• Pre-paid funeral plans
  • PPI
  • Claims management companies (CMCs).

The FOS also has a complaints checker that you can use to see if they can help you with your complaint.

If you’re in any doubt it’s far better to complain to the Financial Ombudsman Service than not to do so. If it’s something that the Ombudsman Service can’t look at, you’ll be told.

Place your complaint

To start your complaint with the FOS you’ll need to fill out their online complaint form.
It’s a straightforward process that will ask you to outline your complaint, the response from the business you’ve complained about, and any information about what’s already happened. You’ll also need to provide contact information as well as any documents that can support your complaint.

It’s worth noting that you can’t save your form and come back to it, so it can be useful to gather the following pieces of information together beforehand. To fill out the form, you’ll need:

  • The name of the financial company you’re making a complaint about
  • The dates of the correspondence you’ve had with the business, including the date of its final response
  • Your account or policy details that the complaint relates to.

You should hear back from the FOS within 10 working days after submitting your complaint and they’ll double check the information you’ve sent them and give you a case reference number.

3. Wait for the FOS to investigate and make a final decision

This step is fairly hands-off if you’re the one making the complaint. Once you’ve submitted your complaint to the FOS, they will reach out to the company you’ve complained about and ask for their version of events.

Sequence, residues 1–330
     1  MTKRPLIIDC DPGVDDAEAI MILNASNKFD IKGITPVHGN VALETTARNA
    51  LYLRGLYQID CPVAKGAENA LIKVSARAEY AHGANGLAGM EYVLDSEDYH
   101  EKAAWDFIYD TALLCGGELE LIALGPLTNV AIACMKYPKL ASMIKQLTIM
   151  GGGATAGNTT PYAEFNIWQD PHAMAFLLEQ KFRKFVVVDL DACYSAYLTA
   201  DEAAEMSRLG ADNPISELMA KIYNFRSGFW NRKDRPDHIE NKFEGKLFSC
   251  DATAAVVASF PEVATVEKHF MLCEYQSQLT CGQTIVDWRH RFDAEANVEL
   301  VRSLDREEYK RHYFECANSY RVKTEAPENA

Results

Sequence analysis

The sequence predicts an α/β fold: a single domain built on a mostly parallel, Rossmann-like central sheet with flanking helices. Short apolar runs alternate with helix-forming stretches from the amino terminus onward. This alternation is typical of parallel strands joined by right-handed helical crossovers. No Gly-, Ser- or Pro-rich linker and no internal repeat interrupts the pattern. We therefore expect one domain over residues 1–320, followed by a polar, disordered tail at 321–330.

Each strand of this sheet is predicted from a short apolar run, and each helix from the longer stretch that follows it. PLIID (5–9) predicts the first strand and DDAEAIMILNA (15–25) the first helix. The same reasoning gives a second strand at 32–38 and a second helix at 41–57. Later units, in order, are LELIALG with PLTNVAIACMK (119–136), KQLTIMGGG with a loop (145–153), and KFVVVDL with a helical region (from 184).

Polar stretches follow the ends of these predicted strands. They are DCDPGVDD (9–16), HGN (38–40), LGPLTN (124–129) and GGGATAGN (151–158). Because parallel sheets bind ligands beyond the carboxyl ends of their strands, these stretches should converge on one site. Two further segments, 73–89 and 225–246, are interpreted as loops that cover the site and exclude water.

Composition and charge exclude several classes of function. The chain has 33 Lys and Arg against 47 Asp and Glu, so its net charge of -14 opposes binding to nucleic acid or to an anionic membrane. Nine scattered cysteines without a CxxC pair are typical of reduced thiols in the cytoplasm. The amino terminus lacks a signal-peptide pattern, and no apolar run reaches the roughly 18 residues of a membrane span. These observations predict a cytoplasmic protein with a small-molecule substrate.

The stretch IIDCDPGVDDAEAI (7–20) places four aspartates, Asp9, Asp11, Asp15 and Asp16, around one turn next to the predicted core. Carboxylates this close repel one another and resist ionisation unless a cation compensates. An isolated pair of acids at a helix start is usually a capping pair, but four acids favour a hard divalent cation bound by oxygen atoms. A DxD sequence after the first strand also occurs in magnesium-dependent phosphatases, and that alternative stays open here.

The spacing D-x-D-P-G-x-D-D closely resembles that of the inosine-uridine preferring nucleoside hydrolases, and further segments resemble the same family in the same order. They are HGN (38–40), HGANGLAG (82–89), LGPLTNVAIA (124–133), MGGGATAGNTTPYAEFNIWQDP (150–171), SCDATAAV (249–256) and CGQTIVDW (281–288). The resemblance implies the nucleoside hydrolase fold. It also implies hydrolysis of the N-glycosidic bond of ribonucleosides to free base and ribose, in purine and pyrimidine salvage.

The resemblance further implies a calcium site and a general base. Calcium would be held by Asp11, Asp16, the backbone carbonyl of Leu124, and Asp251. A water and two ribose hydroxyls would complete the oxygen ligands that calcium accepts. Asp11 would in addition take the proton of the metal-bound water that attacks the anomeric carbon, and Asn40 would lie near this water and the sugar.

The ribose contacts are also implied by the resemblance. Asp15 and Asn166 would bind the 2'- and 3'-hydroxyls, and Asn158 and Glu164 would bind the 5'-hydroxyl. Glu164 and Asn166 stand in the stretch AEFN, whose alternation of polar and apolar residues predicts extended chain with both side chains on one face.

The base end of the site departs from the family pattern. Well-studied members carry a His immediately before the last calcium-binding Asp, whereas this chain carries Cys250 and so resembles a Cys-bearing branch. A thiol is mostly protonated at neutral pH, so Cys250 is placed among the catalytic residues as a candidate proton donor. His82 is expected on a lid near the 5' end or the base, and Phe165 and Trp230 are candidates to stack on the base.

The FOS will then either come to an agreement with the company you’ve complained about to reach the outcome you’re looking for, or they won’t agree. If the FOS and the company can’t reach an agreement, the FOS will carry out a full investigation into the complaint before making a final, legally binding, decision on it.

The timeline for this decision will vary and the FOS has come under scrutiny in recent years because of extended waiting times.

The FOS says that generally, once a complaint has been submitted, it takes two to three months for it to be allocated for investigation. Once your case has been allocated, your case handler will reach out to you within 90 days to give you an initial assessment, and then your case handler will keep you updated on timelines moving forward.

Last year, 35% of the complaints made to the FOS’ were upheld, but the rates vary considerably between the different financial products being complained about.

Tips on complaining

For many of us, by the time we make a complaint, we’re pretty fed up and want to vent our frustration. But remember that some of the most effective letters/emails of complaint are those that are clear, calm and logical.
When complaining make sure you:

  • Keep documentation of all communication and supporting information – it might feel like overkill, but keeping track of times, dates, names of people you’ve spoken to, policy reference numbers and transaction IDs can help support your complaint. If asked to provide any of this by the company you’re complaining about it can be a good idea to send copies of documents, rather than the originals
  • Be concise – list what happened clearly and succinctly and try not to include any details that aren’t completely relevant to the situation
  • Be clear about what you expect as an outcome – Make sure you tell the company why they’ve fallen short of what you expected and what you’d like them to do about it.